3.2. Family Members
The PUMA changes include an alteration to the basis by upon which individuals are registered in the health system.
Hitherto, spouses and other family members had been attached to the insurance regime of their partner as a 'dependant' in order to obtain their health cover.
This system of 'ayant droits' has been abolished by PUMA, so that all eligible persons have been granted an individual right to healthcare, which they will maintain for their lifetime.
This significantly improves the status and rights of economically inactive spouses/civil partners.
Nevertheless, this change does mean that the economically inactive spouse of a business owner or salaried person in France does now have to make their own application for health care, rather than as a dependant of their partner, an issue we considered in our Newsletter article Access to Health Care for EEA Residents.
Dependant family members of those with a S1 certificate of exemption have not lost their S1 attachment rights, and neither will they lose them in the future.
This is because the new law specifically excludes from PUMA those in receipt of a foreign pension who obtain their health insurance cover from their own home country.
Article 160-6 of the Code de la sécurité sociale states that among those excluded are:
"Les personnes titulaires d'une pension étrangère qui ne bénéficient pas par ailleurs d'un avantage viager d'un régime obligatoire de sécurité sociale français lorsque, en application d'un règlement européen ou d'un accord international, la prise en charge de leurs frais de santé ainsi que de ceux des membres de leur famille qui résident avec elles relève du régime étranger qui sert la pension."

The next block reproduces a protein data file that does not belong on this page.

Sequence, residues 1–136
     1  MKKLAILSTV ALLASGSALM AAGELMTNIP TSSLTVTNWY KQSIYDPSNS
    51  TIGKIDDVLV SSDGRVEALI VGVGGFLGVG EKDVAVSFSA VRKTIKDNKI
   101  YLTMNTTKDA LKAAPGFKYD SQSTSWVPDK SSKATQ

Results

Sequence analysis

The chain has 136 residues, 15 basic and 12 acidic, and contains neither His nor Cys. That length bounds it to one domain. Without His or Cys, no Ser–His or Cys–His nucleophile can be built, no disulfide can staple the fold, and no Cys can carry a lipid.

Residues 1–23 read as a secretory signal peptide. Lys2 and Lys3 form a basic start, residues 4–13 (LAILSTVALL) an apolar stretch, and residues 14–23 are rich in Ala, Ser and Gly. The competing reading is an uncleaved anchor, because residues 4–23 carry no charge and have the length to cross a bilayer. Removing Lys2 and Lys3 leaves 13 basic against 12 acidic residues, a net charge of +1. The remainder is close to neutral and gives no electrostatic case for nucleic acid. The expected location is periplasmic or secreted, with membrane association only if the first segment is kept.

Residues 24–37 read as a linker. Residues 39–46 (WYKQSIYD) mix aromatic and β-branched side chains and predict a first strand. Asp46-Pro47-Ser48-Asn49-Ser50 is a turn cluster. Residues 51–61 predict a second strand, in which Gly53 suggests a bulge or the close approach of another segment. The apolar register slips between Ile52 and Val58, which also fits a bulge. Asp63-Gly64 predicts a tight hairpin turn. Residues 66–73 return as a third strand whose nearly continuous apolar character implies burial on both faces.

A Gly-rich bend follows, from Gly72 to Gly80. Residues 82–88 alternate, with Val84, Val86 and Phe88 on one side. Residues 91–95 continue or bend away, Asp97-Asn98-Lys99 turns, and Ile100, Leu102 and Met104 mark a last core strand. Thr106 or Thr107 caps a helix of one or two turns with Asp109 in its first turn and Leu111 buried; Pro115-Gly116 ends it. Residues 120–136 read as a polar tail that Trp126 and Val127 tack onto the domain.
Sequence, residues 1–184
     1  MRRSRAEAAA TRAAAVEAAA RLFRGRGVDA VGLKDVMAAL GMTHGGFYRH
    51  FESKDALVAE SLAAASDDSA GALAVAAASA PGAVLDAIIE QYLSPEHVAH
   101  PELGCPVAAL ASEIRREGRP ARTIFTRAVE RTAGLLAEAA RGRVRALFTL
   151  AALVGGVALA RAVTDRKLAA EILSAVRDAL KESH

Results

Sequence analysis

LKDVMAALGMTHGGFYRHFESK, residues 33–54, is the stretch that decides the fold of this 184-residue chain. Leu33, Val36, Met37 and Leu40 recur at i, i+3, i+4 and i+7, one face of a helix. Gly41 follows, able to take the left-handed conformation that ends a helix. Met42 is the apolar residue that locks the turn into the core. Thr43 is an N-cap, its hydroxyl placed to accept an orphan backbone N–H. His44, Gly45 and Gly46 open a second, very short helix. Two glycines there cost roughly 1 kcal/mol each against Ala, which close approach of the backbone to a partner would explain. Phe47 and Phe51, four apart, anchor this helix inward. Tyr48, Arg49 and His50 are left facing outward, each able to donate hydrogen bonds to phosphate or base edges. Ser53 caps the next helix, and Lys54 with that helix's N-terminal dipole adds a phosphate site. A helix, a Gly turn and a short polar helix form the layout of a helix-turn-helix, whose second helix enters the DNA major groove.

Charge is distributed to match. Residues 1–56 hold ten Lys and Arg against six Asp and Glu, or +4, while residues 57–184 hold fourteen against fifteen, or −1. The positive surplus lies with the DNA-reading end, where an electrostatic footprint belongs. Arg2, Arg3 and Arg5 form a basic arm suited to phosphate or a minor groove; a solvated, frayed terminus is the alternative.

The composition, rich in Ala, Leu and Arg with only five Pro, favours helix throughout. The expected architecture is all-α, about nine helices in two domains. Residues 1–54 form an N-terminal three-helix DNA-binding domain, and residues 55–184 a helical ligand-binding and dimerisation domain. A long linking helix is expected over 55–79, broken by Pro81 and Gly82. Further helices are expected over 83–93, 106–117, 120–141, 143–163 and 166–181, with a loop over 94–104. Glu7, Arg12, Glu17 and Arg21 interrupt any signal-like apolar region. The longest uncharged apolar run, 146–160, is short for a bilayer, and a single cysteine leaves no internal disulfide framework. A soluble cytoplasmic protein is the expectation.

This clause is merely a legal technicality, so that S1 households do not pay a charge to the French health system. They are also exempt from social charges on their pension.
Accordingly, those who hold an S1 certificate of exemption will only nominally be affiliated to PUMA (for the purposes of administration), as European Regulations grant them and their family members entitlement to health cover via the certificate.
In relation to an enquiry concerning UK expatriates in particular, the French social security authority advised us that: 'La cotisation PUMa ne s'applique pas aux personnes bénéficiant exclusivement d'une pension de retraite britannique, résidant en France et n'y exerçant en parallèle aucune activité professionnelle, à condition que celles-ci puissent justifier par la fourniture du formulaire S1 qu'ils relèvent du régime'.
In the case of existing dependants not covered by an S1, the law states that there will be no change to their arrangements, whose current status is protected until 2020, when they will have cover in their own right.
Dependant adult family members can, if they wish, become registered before this date, but there is no obligation to do so.
Next: PUMA Charge
Back: Getting Health Cover in France